A Difference of Opinion

Our Department is in the news, again.  Here is a link to a Mercury News story on our Chief’s decision to return the recently acquired Mine Resistant Ambush Protected vehicle (MRAP).  The story’s first sentence pretty much sums up the event.  “Amid a national furor over police militarization, the San Jose Police Department has decided to get rid of a 15-ton armored vehicle it received earlier this year from a federal military surplus program.”

The story went on to say, “In San Jose, the MRAP, designed to withstand improvised explosive devices used against U.S. forces in Iraq and Afghanistan, has been in an undisclosed storage garage in the city.  It was being outfitted for street use when police brass -- already facing criticism for their recent purchase of a drone -- decided it wasn't worth the potential damage to the department's image and community relationships.”

Our Department spokeswoman, Sgt. Heather Randol, very succinctly explained our Department’s need for the vehicle.  "It was acquired to provide protection to our bomb unit members.  We are the regional bomb facility.  We are a resource in the county and statewide."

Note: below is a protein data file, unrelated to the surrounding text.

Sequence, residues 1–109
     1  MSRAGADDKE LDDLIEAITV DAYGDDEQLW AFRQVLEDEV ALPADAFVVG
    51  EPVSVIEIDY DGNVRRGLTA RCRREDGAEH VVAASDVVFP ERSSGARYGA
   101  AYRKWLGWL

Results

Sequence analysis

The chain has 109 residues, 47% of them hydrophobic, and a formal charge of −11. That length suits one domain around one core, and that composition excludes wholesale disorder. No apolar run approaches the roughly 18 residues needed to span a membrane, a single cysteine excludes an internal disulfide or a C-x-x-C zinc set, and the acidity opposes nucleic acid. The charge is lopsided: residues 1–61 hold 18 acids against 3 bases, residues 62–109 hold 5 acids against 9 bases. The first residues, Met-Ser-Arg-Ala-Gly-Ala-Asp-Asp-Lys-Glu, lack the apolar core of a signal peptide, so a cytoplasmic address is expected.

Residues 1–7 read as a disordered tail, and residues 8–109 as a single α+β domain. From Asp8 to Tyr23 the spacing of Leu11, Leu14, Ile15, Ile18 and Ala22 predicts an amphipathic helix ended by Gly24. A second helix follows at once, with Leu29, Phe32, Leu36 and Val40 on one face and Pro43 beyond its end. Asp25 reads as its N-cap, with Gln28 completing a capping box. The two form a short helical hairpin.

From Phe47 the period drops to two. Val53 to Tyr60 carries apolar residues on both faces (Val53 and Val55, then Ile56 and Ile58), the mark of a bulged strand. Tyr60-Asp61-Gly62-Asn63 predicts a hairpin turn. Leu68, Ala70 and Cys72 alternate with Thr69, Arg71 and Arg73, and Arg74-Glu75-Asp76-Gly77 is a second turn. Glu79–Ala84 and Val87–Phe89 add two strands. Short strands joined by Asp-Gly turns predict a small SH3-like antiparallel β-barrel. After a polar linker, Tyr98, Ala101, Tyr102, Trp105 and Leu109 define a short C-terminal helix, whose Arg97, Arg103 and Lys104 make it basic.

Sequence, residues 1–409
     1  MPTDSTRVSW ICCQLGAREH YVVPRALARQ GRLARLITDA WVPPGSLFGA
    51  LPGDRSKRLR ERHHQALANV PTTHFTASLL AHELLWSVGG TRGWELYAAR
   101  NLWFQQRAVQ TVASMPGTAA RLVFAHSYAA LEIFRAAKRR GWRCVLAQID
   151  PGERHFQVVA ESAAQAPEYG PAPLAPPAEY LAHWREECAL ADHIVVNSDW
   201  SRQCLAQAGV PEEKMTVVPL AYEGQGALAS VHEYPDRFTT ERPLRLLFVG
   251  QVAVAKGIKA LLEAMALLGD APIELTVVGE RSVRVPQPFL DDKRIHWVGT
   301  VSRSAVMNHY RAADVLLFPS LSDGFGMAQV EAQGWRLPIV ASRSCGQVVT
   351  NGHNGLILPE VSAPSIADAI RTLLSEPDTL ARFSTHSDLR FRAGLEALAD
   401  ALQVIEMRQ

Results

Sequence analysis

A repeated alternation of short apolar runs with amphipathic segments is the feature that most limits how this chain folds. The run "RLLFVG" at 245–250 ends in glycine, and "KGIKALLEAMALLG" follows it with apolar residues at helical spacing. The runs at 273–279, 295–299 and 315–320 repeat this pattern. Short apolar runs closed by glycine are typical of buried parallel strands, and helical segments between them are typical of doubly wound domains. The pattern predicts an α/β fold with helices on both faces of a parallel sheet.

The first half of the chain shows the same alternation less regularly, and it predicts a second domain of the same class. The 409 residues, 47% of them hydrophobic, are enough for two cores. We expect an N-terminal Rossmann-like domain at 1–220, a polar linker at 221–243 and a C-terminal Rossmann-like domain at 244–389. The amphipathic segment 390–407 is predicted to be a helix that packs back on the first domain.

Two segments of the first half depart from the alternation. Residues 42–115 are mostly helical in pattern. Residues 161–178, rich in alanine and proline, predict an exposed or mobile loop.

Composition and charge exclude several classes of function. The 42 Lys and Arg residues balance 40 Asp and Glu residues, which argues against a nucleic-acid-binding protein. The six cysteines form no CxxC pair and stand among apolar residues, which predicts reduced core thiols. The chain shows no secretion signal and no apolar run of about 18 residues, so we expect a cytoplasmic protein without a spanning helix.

The Chief sent out an email explaining his decision to return the vehicle.  Click on the attchment below to read Chief Esquivel's full email. Here are a few sentences from it:

“After obtaining the MRAP, physically inspecting it, gaining input from various stakeholders, understanding the community perceptions of such a vehicle, evaluating the infrequency of potential use of such a vehicle, the option that other law enforcement agencies have obtained like vehicles and the fact that the SJPD could potentially utilize similar equipment from other law enforcement agencies, we have reconsidered our position on actually having an MRAP.  We will be decommissioning the MRAP from our fleet and will be returning it to the Defense Logistical Agency.”

Interestingly, Redwood City also obtained a similar vehicle.  Their Mayor, Jeff Gee, was questioned by a citizen about the militarization issue and the Mayor defended his City’s possession of such equipment.  Click on the attchment below to read Mayor Gee's full email. Here are a few sentences from it:

“We live in an increasingly more complex world than ever before.  The Active Shooter exercise at Roosevelt  School this past summer, was a stark reminder about the potential realities we face everywhere.   This exercise was to prepare our public safety organizations to respond in the event of a shooter on one of our school campuses – an all too real situation given the events seen across our country.”

“I hope and pray that we never have to see this vehicle deployed.  However, if the violence of the world reaches Redwood City, I want our public safety organizations to have the tools that they feel they need to protect lives.”

Is it any wonder why our Department has lost so many of its officers to Redwood City?  We applaud Mayor Gee’s strong support of his public safety personnel.

Click here to watch a modern day gunfight with police.

Chief Esquivel Email182.61 KB
Mayor Gee Response99.06 KB